The International Monetary Fund (IMF) has decided to replace its mission chief to Pakistan, Ernesto Rigo, amid chances that the executive board of the fund will not take up Pakistan’s request for the revival of $6 billion loan programme on January 12.
Sources said that the IMF had decided to replace its Washington-based mission chief to Pakistan. Rigo had finalised loan negotiations with Pakistan in May 2019, which were started by his predecessor Herald Finger in November 2018.
The IMF has not yet formally announced the replacement of Rigo, who has now been appointed the mission chief to Lebanon – another country that is passing through a crisis and is in negotiations with the IMF.
Earlier, the IMF had replaced Pakistan’s country representative Teresa Daban with another Spanish national Esther Perez. Daban completed her four-year extended period in November.
Based on the original schedule, the sources said, Rigo was in charge of Pakistan’s case till January 12, which was also the tentative date for the board meeting agreed between both sides on November 21.
The IMF’s response to the change of mission chief and his replacement was awaited till the filing of the story.
It was not clear whether Rigo would keep looking after Pakistan’s case after January 12 and until his successor is formally announced.
Rigo remained Pakistan’s mission chief for about three years but had difficulties in getting the programme completed due to the challenging programme design and government’s failure to fulfill its commitments.
Finance Minister Shaukat Tarin said in November that the IMF had set five prior conditions to take Islamabad’s case to its board in January for the revival of the stalled programme.
Two major IMF conditions that were hampering the IMF board meeting on January 12 were approval of the Rs375 billion mini-budget by the National Assembly and the State Bank of Pakistan Amendment Bill 2021 by both houses of parliament.
The finance ministry said on Sunday that the government had introduced both bills in the National Assembly and the IMF moved the recommendation of sixth loan tranche to its board for consideration on January 12.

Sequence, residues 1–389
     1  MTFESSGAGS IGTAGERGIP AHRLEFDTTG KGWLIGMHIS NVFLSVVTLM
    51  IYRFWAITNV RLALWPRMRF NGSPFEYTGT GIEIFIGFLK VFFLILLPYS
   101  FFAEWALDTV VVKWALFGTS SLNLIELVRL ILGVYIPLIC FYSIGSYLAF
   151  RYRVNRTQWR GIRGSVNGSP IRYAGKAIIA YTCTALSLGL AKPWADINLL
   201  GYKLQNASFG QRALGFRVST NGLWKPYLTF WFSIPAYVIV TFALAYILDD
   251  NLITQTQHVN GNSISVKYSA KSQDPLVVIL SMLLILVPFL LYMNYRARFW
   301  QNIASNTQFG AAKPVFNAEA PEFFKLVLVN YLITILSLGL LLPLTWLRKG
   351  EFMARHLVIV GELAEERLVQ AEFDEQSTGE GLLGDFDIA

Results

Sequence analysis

“As soon as the prior actions are completed by Pakistan, which are being pushed hard by the government, the IMF board will consider it for approval. The IMF board can move whenever our actions are completed,” said the finance ministry.
As implementation of the two conditions remains pending, the IMF has not yet formally listed Pakistan’s case for consideration of its board on January 12. This date had been announced by Tarin and his spokesperson to revive the programme.
The completion of the sixth review has been pending since June last year, showing the government’s inability to fulfil the commitments. This has also reduced the actual loan size that Pakistan could have secured from the IMF.
So far, the IMF has disbursed only $2 billion against $4.6 billion under the original May 2019 schedule.
Sources in the finance ministry said that it had become almost impossible to meet the January 12 deadline and now the government was targeting the end of January to avoid further complexities in Pakistan-IMF relations.
The government’s strategy was to at least present both the SBP Amendment Bill and Finance Supplementary Bill in the National Assembly for final vote by January 12. This is being done to seek more time from the IMF by showing the commitment to implementing both the conditions, said the sources.
The sixth review would cover the period of up to June 2021 only. As per the revised schedule agreed in March last year, by September 2021, the seventh review for $740 million and eighth review by December 3, 2021 for another $740 million had to be completed.
The programme is going to expire in September this year, as per the schedule agreed between both the sides.
Sources said that the schedule for the disbursement of remaining loan amount and the completion of reviews would undergo yet another change.
Subject to the completion of sixth review this month, the government is targeting to hold the next review by March for end-December 2021 period.
However, a significant delay in completion of the sixth review may force both sides to go back to the drawing room and reset the conditions, said the sources.
Things might also get complicated after the change of mission chief, they said.
The opposition and the government have joined hands to fast-track the approval of Rs375 billion mini-budget to meet the IMF deadline.
The Senate is now expected to give its recommendations on the Finance Supplementary Bill by Monday or Tuesday while the National Assembly session is also expected to begin on Monday to approve the mini-budget.
On the same day, the National Assembly Standing Committee on Finance will take up the SBP Amendment Bill 2021 for approval.
Published in The Express Tribune, January 8th, 2022.